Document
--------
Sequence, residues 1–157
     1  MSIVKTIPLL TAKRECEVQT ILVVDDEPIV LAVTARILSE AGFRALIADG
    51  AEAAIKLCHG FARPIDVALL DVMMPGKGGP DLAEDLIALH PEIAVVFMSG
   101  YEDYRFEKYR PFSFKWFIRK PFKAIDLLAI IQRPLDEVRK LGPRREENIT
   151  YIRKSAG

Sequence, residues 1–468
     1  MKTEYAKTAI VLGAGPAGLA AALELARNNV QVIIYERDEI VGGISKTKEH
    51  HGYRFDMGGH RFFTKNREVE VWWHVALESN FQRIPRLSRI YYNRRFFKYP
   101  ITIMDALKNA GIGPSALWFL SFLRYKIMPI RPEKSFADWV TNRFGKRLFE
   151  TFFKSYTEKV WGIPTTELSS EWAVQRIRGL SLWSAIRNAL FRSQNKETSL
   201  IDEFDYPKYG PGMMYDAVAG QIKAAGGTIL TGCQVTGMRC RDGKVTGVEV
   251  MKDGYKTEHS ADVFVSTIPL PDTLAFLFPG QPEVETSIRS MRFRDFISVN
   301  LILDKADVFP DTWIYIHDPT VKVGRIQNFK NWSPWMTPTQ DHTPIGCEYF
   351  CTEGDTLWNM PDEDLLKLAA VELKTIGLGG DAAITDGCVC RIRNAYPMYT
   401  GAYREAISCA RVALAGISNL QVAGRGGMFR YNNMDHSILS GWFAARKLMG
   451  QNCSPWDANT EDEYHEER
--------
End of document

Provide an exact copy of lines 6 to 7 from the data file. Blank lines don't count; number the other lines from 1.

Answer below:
Sequence, residues 1–468
     1  MKTEYAKTAI VLGAGPAGLA AALELARNNV QVIIYERDEI VGGISKTKEH